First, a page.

Mule overhands: The complete combination of using a prusik attached to an anchor by a munter, and then tied off (hands-free) using a releasable mule hitch and an overhand for backup, is referred to as a PMMO (Prusik-Munter-Mule-Overhand) in literature. The Munter Mule Overhand can also be used on the rope itself to go hands-free. A Mule Overhand can also be tied on a belay device. A mule is releasable under load unlike using an overhand or figure-eight to close a system. A mule is formed by forming a loop from the free end of the rope that captures the brake strand and the load strand on the same side and pulling a bight from the free end to finish the “trap”. Make this as close to the munter or belay device as possible. The bight is tied into an overhand that should capture the load strand. Leave enough tail out to ensure the overhand can’t untie. If there isn’t enough to tie an overhand, clip a carabiner through the bight of the mule and clip it back to the anchor or similar. Remember, the mule is releasable and we don’t want it to release just yet!

A rope MMO tie-off just by itself is considered completely secure and does not need any backups.

For passing the knot, we are going to use the scenario of us lowering a climber from an anchor. The system stays the same in other scenarios. Think through it in terms of steps 1-4!

  1. We are using a prusik on the brake strand to control the lower. Eventually the knot we want to pass approaches the prusik. Before this gets too close, stop the lower, release the prusik (careful!) and tie off the rope using a MMO. Now you can go hands free.
  2. Use a long cordelette to tie a prusik/kleimheist to the load strand. Attach another locker to the master point. MMO the prusik to this carabiner with no slack (pull the prusik close to the primary anchor).
  3. Add another locker to the anchor. This locker is going to replace the primary carabiner so we can pass the knot.
  4. Grab the free end of the rope past the knot. MMO this to the carabiner you just added. You have now “passed” the knot. We will use the system we set up to transfer the load — take out the little slack between the two rope attachment points — without shock loading the anchor.
  5. Remove the very first rope attachment MMO completely. Take the carabiner from the anchor if it is easy to retrieve. Otherwise you can grab it after the transfer is complete (Remember at this point you may have 4 carabiners through the master point!) It is also OK to connect the prusik carabiner to the carabiner holding you to the anchor via a clove hitch. Now, the prusik is holding the load, with the rope MMO as a backup.
  6. Undo the MO on the prusik and slowly lower the munter until the rope takes the weight. Remove the prusik setup. You are done! Release the rope MO and continue lowering.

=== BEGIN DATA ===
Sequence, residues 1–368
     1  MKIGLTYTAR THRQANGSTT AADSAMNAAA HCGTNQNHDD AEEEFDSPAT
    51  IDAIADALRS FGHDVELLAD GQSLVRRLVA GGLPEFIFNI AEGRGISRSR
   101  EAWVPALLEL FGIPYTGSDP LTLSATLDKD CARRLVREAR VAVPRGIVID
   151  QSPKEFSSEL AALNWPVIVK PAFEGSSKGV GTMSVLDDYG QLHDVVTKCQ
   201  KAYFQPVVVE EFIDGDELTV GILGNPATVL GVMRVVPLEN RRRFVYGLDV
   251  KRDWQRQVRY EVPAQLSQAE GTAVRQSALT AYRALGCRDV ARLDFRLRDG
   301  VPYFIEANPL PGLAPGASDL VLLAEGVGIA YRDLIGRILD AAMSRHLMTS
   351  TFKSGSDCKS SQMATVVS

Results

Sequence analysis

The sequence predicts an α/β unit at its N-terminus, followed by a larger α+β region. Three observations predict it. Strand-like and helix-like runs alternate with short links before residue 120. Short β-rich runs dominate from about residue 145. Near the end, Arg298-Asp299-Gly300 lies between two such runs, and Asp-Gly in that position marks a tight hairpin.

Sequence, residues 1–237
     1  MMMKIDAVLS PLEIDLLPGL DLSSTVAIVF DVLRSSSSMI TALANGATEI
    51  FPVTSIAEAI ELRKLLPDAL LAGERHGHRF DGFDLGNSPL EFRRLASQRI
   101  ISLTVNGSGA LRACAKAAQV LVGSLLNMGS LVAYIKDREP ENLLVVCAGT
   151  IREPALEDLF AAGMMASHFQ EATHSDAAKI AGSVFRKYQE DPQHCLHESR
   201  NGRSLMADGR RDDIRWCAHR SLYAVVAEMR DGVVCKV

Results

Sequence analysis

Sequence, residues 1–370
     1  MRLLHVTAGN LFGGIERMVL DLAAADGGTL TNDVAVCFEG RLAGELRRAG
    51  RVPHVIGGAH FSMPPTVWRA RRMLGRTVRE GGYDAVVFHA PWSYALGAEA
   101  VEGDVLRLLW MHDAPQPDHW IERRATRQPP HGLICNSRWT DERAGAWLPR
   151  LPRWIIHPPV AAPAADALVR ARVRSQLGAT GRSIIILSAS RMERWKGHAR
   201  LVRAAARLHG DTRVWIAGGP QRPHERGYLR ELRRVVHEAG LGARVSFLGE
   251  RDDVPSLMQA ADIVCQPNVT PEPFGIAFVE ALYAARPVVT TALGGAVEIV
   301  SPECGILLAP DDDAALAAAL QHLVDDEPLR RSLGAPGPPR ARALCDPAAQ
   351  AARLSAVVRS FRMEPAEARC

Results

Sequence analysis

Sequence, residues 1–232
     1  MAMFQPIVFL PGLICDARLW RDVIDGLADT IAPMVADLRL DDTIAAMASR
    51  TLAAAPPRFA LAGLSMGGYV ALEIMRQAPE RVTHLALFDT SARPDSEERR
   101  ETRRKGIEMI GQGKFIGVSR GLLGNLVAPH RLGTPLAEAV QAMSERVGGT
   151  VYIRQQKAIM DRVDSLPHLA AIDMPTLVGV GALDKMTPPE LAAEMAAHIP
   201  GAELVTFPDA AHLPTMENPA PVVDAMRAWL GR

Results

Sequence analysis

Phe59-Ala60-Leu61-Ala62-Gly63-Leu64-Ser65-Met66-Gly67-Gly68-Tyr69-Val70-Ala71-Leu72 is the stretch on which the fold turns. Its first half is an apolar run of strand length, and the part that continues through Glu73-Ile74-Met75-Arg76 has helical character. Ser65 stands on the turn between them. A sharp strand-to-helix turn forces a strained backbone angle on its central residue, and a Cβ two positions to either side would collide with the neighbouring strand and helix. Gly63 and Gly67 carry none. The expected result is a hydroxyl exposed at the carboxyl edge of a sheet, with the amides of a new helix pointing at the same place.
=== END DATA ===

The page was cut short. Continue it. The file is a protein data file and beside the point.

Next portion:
Logically, the first rope MMO is solid by itself, so step 2 can actually be done after step 4.

When using a belay device instead of a munter, the process is only slightly different.

  • In step 4, instead of MMO, tie a figure eight on a bight past the knot (leave 0.5-1 feet of slack between the figure eight and the knot to pass), and clip the bight to the second locker. While the prusik holds the climber, this acts as a backup knot.
  • In step 5, after removing the first rope from the system, you will have the empty ATC at the anchor. Put the part of the rope between the backup and the knot to pass (the 0.5-1ft of slack we left) into the ATC. The ATC is now usable again.
  • Again use the PMMO to transfer the climber onto the ATC. Then undo the backup and continue lowering.

This knot passing remains the same on top rope lowers, except all of these locking carabiners will be on your belay loop instead of on the anchor. When passing a knot on rappel, you will do the same, with the backup figure eight on a bight below the knot to pass, clipped to your harness so you only fall 2-3 feet if your prusik fails. Use the prusik, clipped to your belay loop, to hold you while you undo and redo the ATC. When raising, a knot can be passed by putting another ratchet on the climber’s side of the knot once they are close enough (a PMMO backed by a figure eight on a bight on the rope). Remember that unlike an ATC in autoblock mode, a prusik ratchet has to be slid down the rope and made taut for it to act like a ratchet.

Escaping the belay

Necessary when you were belaying off the body and now need to transfer the climber onto the anchor so you can go assist them or run for help.

  1. Lock of the belay device on your harness with a MO, so you can go hands-free.
  2. Use a long cordelette to tie a PMMO from the load strand to the anchor.
  3. Set up another MMO using the rope on the anchor. This is both a backup while you are escaping, and will eventually become the primary anchor.
  4. Load the PMMO by undoing the belay device MO and lowering until the prusik is taut and holding.
  5. Remove the rope from the belay device. Take in slack into the MMO if necessary. (This is important to avoid the prusik going out of reach).
  6. Release the PMMO and lower the climber onto the rope MMO. Remove the prusik. Boom! You are out of the system.

Rappelling tips

  • Extending the belay loop is always a good idea for multiple rappels.
  • Only the first descender needs a third hand. Everybody else can receive a fireman belay.
  • Gloves are nice to have!
  • If you need to ascend the ropes, remember that an autoblocking belay device is a ready-made progress capture for ascension. Use a locking carabiner from your belay loop to the guide mode loop on the belay device (This requires the device to be extended!). This will orient the device into friction mode when weighed. Haul up, let it lock. Haul up, let it lock!
  • Use saddlebags on low angle, loose rock, or high wind situations.